Raupp also suggests including other antioxidant-rich fruits and veggies, like berries, any leafy green vegetable, beets and sweet potatoes. These foods optimize egg and sperm quality by boosting cellular function, as well as negate the environmental toxins in our world that can wear on your system.
4. Dark, leafy greens
Folate (vitamin B9) is one of the most important nutrients you need for pregnancy to prevent biological defects and miscarriage. Anderson-Haynes says leafy greens are a good source of this key nutrient that supports the synthesis of DNA, RNA and protein synthesis. If you’re trying to get pregnant, it’s the perfect time to get in the habit of incorporating more spinach, lettuce, and collards into your dishes each day.
Avocados are great for fertility. This 2017 study shows that avocados are abundant in “good fats,” called monounsaturated fat, and other nutrients like potassium, vitamin B6, and fiber—nutrients that are essential prior to pregnancy and during pregnancy.
Raupp suggests aiming to include lots of different healthy fats into your daily diet like organic, cold pressed olive oil, avocado, ghee, coconut oil, avocado oil and full fat dairy (if well-tolerated). “These foods are imperative to optimal egg and sperm quality, as well as cellular function and hormonal production,” Raupp says.
6. UV-treated mushrooms
Something you might not have thought to include are UV-treated mushrooms. Anderson-Haynes says UV-treated mushrooms are a source of vitamin D, which improves fertility and maternal and fetal health outcomes. One 2022 obstetrics and endocrinology study found that both male and female vitamin D levels played a role in fertility and affected the outcomes of in vitro fertilization (IVF).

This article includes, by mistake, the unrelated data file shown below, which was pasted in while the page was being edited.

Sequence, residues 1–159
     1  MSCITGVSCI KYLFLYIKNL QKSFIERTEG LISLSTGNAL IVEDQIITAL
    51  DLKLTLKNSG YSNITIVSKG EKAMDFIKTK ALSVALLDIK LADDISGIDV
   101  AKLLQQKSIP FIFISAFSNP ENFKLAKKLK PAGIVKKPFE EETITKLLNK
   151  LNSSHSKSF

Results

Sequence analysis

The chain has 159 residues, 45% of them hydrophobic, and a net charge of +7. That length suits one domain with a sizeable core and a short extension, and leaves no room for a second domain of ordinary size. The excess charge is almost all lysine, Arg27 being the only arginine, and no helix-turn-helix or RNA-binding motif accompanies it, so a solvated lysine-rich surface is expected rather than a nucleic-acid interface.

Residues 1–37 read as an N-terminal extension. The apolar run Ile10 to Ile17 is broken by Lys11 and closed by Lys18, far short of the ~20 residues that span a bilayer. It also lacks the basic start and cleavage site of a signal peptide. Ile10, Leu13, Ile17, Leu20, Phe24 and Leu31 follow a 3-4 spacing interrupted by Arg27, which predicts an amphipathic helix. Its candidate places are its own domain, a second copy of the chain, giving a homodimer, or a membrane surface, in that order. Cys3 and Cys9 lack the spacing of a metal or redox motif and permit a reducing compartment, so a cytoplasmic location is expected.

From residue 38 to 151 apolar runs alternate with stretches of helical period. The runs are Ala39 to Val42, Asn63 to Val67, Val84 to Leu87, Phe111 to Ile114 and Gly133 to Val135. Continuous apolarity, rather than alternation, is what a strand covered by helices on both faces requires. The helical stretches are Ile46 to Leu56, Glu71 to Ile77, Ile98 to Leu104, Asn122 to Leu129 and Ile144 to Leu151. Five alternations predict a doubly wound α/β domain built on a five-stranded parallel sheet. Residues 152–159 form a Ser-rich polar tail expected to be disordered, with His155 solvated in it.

More lifestyle tips for couples trying to get pregnant
Food plays a very important role in fertility, but so does your day-to-day lifestyle. For a more well-rounded approach to fertility, experts share their greatest suggestions for healthy lifestyle changes to incorporate that also have an impact on fertility.
- getting proper sleep
- being more physically active
- proper stress management
- maintaining a healthy weight
- avoiding alcohol and
- reducing exposure to endocrine disruptors, which are found in items like beauty and cleaning products. (Read The 6 Best Hormone-Safe Sunscreens, Recommended by Doctors)
“Endocrine disruptors negatively affect the control center of our hormones—the endocrine system, which includes the sex organs,” shares Anderson-Haynes. She further explains how “endocrine disruptors are abundant and are found in items like cookware, takeout containers, plastic bottles, furniture, receipts, beauty and cleaning products, so it is wise to take steps in identifying them and reducing them as much as possible.”
Raupp agrees and says that “shifting to non-toxic, organic, all-natural food and personal care products is one of the most important lifestyle changes that have the biggest impact on fertility and pregnancy outcomes.”